Politicisation of the judiciary?

– Unfortunately, during the so-called IV Republic, we witnessed how special services influenced the staffing of the position of the President of the District Court in Katowice.

Let me remind you: the then head of the Internal Security Agency, Bogdan Święczkowski, suggested the candidacy, and justice minister Zbigniew Ziobro approved it. It concerned the case of Barbara Blida. Today, Święczkowski is the State Prosecutor, and the first deputy of Public Prosecutor General Ziobro.

– Now the big question is: how to counter the growing systemic threat? If the National Council of the Judiciary, as a constitutional body set to guard the independence of the judiciary, finds dangers to the functioning of the courts in this reform, will it be able to appeal to the Constitutional Tribunal? And will the latter be able to adjudicate on the need to adjust the statute?

If it is crippled...

– ... exactly. Allow me to remind you what Prime Minister Orbán did to cumbersome judges. He lowered the retirement age for this occupational group, which caused that several hundred judges, mainly court presidents, lost their jobs overnight. They were immediately replaced by people, whose selection was influenced by the executive. It alarmed Brussels, EU procedures were set in motion. The European Commission, not knowing how exactly to tackle the Hungarian problem, has referred to the prohibition of discrimination on grounds of age. The case went before the Court of Justice of the European Union in Luxembourg. Ultimately, the European Commission won. However, a couple of years passed and the changes in Hungary became reality.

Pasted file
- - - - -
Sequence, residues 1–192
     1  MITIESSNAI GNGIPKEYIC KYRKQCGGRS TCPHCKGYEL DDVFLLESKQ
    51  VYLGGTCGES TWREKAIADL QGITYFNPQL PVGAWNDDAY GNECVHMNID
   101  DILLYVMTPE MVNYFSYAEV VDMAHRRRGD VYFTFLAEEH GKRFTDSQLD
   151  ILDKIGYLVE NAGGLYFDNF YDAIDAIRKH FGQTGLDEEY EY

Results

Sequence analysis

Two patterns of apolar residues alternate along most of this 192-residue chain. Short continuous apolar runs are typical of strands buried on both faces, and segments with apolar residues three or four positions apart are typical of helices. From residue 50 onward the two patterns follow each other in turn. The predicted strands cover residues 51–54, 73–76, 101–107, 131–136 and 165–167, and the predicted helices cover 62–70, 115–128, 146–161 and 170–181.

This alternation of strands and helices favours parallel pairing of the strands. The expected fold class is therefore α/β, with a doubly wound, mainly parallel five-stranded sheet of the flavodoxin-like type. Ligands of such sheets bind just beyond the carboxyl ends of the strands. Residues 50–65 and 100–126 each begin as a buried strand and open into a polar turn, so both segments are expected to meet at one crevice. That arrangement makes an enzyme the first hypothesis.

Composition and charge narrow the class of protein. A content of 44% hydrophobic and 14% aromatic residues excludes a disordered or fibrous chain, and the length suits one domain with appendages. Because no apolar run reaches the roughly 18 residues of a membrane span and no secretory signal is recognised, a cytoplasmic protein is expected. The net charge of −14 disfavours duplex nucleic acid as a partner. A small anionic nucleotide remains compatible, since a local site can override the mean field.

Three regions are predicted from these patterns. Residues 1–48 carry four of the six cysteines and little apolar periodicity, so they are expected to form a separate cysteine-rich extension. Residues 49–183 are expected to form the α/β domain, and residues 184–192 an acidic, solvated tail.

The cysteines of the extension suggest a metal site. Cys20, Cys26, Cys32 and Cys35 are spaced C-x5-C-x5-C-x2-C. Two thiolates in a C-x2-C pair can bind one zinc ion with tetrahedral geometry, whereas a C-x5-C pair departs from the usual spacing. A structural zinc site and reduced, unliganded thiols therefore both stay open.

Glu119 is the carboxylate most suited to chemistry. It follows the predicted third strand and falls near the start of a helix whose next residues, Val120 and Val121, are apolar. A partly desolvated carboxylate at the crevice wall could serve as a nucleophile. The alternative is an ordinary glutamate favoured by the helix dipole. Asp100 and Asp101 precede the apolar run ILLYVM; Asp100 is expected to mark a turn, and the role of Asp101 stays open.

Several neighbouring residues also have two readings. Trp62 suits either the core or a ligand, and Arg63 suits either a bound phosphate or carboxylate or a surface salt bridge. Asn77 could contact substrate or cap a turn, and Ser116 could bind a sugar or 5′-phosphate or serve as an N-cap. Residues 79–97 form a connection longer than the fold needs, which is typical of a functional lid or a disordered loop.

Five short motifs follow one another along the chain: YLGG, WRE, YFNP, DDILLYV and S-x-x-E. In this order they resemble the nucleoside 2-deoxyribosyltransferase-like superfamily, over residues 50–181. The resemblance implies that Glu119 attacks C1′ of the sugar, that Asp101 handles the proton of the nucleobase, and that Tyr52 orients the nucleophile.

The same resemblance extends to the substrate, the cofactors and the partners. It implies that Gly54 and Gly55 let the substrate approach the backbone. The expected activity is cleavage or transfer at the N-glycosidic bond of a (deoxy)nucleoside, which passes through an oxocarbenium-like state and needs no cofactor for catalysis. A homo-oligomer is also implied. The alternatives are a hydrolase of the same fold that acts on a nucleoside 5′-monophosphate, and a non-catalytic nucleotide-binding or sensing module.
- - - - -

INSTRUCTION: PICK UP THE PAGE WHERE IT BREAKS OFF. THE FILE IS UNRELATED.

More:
That is, international procedures are not an effective remedy.

– Control procedures and all international safeguards are important, but time is also of the essence. Anti-democratic changes demolish the state and often there is no retreat or it is very difficult and extremely expensive.

Does combining the positions of the Minister of Justice and the Prosecutor General by Zbigniew Ziobro cause you any concern?

– Such a solution has already functioned in the III Republic, also in the case of Zbigniew Ziobro. The current amendment of the Prosecution Act is dangerous for another reason. It provides for a brand new privilege of the Public Prosecutor General – the right to share files from pre-trial criminal proceedings at any stage of the investigation, in a selective manner. This means that the Public Prosecutor General will be able to give materials from pre-trial proceedings to selected reporters.

It's like a judgement prior to the proper judgement.

– We are carefully analysing this matter in the Office of the Commissioner and thinking about challenging this provision before the Constitutional Tribunal. Of course, this raises the question whether or not this challenge will be purely symbolic? However, we will continue to do our thing, we will always defend civil rights.

An independent Tribunal is the only way to defend democracy against the authoritarian inclinations of the government?